Afghanistan will delay holding presidential elections until 20 August, the election commission has announced.
Under the country’s constitution, the vote should have been held in May, but the deteriorating security situation has prompted a postponement.
It would be only the second time Afghanistan has held elections to choose a head of state.
The delay has come as little surprise to many. Much of the south and east is too unsafe for a free and fair vote.
The BBC’s Ian Pannell in Kabul says even the process of registering people to vote has had to be put on hold in some districts.
The hope is that the injection of thousands of extra US troops will create a safer environment for elections to take place, our correspondent says.
But some leading political figures in Kabul are sceptical that this can be done in such a short space of time.
A member of parliament in Afghanistan’s National Assembly, Shukria Barakzai, told the BBC that unless security in the country improved it was possible the election would be further postponed.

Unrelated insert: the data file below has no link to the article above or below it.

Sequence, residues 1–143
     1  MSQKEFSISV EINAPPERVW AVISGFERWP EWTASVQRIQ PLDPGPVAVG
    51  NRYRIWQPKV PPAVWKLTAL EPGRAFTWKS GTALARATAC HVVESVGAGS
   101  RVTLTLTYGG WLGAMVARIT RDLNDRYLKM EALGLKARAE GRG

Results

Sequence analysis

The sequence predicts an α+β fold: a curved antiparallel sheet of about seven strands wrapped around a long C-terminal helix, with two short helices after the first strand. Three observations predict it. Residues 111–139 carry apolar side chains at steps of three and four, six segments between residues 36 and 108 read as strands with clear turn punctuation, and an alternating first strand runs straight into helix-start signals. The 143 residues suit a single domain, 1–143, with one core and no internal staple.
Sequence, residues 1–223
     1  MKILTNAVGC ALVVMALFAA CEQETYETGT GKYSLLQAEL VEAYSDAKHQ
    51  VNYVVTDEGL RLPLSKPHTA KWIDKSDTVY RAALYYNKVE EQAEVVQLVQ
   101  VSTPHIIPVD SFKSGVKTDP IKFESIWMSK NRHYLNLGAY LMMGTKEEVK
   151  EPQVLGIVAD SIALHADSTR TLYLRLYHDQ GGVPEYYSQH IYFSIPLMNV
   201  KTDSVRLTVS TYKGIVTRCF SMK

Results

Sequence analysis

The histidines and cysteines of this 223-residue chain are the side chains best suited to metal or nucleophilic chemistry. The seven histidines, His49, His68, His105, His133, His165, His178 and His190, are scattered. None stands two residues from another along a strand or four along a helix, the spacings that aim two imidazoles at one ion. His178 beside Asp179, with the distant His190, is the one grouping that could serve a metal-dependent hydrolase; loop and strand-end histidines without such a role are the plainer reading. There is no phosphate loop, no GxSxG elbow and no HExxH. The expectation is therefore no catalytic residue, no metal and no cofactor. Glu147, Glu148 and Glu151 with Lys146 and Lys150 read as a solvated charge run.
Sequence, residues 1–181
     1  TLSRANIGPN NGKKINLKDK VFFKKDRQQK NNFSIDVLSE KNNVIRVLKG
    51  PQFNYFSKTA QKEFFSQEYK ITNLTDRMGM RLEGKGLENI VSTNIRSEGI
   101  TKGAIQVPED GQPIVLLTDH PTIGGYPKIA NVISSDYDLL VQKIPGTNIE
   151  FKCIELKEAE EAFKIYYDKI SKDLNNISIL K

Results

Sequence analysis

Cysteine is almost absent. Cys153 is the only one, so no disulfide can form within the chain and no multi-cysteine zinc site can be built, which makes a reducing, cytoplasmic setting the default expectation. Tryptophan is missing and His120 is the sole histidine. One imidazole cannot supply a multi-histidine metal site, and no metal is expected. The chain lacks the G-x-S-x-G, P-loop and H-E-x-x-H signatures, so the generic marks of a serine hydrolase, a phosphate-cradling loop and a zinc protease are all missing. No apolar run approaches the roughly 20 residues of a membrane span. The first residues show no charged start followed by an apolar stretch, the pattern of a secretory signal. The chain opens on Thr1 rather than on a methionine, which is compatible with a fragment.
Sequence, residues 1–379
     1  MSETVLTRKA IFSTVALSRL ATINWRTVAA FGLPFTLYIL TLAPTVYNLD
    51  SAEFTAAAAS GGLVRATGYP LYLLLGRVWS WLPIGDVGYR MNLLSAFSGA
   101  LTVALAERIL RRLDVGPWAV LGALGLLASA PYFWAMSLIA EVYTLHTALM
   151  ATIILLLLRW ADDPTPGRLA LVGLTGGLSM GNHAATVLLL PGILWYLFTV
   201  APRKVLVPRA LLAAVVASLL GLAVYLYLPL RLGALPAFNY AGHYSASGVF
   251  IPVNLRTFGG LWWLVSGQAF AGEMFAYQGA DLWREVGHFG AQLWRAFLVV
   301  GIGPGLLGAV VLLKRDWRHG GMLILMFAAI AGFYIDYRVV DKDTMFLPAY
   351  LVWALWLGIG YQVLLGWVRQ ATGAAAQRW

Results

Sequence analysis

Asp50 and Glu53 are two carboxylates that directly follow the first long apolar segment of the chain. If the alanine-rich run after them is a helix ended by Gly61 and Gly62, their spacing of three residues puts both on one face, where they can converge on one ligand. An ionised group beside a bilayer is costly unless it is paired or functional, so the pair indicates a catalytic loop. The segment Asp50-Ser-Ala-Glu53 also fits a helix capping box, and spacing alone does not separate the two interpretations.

“There is still no guarantee it will be a fair and fine election in August. In some of the districts which are still out of control of the government of Afghanistan, how can we say that there will elections for them?”
There are a number of potential challengers to President Hamid Karzai, whose popularity has steadily fallen.
He has been looking increasingly isolated in the last few weeks with growing tensions between him and the new administration in Washington.
Some have suggested that rather than an election, there should be a loya jirga, or tribal meeting, to anoint a new leader – but for now that looks like a remote possibility, according to our correspondent.
He says the country has staked its future on a democratic path and although progress has been limited and deeply flawed there seem few other alternatives at this time to a second presidential election – delayed or not.